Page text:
Friday, October 9, 2009

Seguin Log Cabin

On the way back from San Antonio a while back, I stopped and took a few photos in Seguin. Going back through those photos this past weekend I found this shot of the Campbell-Hoermann Log Cabin (1850) that I hadn't posted yet. If you're interested in the history of the cabin please see the blurb about it from the Seguin Conservation Society website below the photo.

Title: "Seguin Log Cabin"

Camera / Lens: Canon 40D / Canon 17-55mm f/2.8 zoom
Post-processing: Photomatix Pro to combine three hand-held images into one HDR (High Dynamic Range) image > Photoshop CS3 > Topaz Adjust plugin > Virtual Photographer plugin for Sepia conversion

From the Sequin Conservation Society website:

Campbell-Hoermann Log Cabin (1850)
211 E. Live Oak St.
Conservator: Dr. Tom Raetzch 379-0074

Post-Civil War Texas was a land of opportunity due to a vast amount of farming and grazing land, coupled with the newly built railroads. Many immigrants came here to start a new and hopefully prosperous life. John Campbell, an immigrant from Ireland, built a one-room cabin that he later enlarged for his twenty-three family members when they came to Texas around 1850. Descendants of the Campbell family lived in the cabin until 1952. In the late 1970s, the Hoermann family donated it to the Conservation Society. In 1979 it was moved to its present location at 211 E. Live Oak Street. It houses numerous interesting artifacts, including a 145 year-old quilt and a 1908 icebox.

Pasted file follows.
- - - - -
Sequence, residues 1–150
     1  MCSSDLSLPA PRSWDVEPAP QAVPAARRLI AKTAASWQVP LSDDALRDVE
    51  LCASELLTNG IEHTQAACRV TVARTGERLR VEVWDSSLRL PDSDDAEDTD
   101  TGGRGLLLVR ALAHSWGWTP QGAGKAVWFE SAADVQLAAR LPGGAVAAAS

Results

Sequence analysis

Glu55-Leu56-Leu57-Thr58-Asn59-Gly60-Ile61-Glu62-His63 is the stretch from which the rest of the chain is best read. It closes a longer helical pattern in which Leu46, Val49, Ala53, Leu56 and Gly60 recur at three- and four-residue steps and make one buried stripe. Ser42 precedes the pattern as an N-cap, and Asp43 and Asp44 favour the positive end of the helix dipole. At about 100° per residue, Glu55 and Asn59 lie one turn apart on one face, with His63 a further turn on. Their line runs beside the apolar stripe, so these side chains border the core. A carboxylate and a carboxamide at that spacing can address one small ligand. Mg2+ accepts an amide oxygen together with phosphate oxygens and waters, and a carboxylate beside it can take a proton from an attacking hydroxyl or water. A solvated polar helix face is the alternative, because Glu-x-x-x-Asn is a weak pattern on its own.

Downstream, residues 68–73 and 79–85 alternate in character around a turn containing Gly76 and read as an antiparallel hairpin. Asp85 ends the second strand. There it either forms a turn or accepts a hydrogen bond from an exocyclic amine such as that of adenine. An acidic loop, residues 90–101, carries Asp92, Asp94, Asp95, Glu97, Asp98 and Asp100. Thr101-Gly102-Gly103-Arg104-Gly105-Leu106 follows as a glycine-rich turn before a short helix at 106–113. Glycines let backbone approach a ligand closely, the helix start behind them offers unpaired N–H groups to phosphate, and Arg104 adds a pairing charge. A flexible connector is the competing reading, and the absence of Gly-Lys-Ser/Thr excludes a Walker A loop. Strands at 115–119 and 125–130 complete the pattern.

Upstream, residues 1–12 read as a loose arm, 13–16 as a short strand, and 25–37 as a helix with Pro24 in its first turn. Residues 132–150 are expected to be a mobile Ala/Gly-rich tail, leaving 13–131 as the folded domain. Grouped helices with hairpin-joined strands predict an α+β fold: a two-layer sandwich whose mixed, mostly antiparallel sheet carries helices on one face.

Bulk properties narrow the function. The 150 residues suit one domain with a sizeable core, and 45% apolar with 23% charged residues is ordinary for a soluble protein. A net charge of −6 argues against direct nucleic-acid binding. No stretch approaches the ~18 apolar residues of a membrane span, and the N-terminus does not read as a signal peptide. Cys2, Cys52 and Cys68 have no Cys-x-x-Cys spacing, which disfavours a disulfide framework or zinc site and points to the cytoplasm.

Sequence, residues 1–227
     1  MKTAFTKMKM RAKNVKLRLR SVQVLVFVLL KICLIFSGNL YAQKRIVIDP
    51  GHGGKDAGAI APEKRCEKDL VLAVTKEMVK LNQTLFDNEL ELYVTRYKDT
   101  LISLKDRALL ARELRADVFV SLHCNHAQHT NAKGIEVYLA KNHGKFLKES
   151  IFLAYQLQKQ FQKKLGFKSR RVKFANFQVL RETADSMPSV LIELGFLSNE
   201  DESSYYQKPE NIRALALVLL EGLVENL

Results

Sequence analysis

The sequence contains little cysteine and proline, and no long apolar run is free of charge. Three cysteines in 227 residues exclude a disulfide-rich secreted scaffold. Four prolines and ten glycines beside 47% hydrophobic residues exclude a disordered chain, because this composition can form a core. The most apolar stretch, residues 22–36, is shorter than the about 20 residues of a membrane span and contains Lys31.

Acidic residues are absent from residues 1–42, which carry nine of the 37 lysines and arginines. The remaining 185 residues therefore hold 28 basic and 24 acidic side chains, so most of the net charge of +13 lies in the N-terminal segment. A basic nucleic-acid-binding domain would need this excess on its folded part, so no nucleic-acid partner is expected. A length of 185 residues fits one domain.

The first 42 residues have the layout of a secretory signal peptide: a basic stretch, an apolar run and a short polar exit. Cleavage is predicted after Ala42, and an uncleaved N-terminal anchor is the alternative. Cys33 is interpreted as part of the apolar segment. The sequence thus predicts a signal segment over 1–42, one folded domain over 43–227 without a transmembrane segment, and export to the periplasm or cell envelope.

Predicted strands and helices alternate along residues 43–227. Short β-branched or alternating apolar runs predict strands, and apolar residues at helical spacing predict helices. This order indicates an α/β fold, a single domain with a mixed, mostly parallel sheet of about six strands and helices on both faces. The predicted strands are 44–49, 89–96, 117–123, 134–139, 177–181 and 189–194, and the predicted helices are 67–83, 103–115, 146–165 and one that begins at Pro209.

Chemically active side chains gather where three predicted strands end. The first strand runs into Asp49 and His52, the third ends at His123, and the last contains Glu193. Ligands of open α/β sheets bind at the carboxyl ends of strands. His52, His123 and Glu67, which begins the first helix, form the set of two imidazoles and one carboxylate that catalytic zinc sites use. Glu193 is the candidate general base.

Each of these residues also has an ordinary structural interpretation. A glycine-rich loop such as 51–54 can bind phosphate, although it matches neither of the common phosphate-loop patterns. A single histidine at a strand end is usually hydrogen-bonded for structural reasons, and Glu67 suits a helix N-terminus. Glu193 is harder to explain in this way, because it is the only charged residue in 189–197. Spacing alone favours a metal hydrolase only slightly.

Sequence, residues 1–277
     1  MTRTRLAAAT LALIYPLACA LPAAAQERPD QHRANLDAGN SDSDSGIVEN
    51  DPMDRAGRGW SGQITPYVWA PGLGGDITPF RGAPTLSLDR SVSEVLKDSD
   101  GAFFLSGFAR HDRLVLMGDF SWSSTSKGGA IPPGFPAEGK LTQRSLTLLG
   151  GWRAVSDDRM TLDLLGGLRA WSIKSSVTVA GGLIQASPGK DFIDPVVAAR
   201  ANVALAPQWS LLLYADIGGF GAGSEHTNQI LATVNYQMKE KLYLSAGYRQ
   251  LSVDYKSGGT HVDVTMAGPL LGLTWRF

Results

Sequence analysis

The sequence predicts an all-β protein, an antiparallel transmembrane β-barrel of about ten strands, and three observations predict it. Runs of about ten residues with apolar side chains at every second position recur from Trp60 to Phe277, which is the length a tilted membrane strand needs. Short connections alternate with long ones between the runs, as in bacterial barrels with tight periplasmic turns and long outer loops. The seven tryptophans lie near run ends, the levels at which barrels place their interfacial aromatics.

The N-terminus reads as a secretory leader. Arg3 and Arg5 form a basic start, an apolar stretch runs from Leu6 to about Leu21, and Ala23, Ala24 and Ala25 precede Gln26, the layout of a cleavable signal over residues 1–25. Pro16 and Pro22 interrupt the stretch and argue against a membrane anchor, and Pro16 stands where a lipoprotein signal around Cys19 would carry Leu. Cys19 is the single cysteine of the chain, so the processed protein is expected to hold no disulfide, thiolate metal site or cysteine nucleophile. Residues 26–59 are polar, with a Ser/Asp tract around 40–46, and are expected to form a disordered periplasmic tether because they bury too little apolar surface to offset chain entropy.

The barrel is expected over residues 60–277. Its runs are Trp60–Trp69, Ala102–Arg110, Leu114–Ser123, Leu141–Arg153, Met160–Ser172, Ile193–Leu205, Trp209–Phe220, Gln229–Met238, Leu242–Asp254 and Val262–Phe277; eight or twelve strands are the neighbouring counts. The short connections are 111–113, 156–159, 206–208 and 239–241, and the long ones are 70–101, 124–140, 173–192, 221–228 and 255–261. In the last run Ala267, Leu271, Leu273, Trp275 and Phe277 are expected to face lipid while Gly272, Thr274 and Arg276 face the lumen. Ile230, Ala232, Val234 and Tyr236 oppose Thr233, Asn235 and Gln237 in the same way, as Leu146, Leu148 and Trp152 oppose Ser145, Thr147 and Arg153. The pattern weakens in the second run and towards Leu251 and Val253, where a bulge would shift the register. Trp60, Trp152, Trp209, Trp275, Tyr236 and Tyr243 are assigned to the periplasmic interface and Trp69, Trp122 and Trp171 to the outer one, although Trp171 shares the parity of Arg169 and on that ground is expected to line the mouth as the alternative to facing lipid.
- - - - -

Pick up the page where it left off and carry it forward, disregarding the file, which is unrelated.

Kay Martin, the current SCS president, says her favorite thing about the cabin is the feeling she gets when she steps on the front porch. "It feels like you just stepped back in time; like you are at a home, not a museum." She also says that people should remember that the porch at the Log Cabin is a great place to take photos. "The trees and porch are quaint and rustic, and best of all, it's free!" she says.


Larry J. Patrick said...

I like a lot of what you have done with this photo, but I wish the log cabin would come forward more. Right now, it tends to blend into the trees. Not sure what to do about that.

Any suggestions from cyberspace?

Larry said...

I like the composition but to me the shot is too hot. The sky through the trees, the lower left cabin, and several spots of the chinking lack detail. How did the -2 shot in your HDR series look?

Barry Armer said...

Thanks Patrick and Larry!

I think both of your concerns can be fixed by some tweeking of my post-processing. I need to remember that the Sepia conversion I do with Virtual Photographer adds contast and that I need to make an adjustment to tone it back down a notch.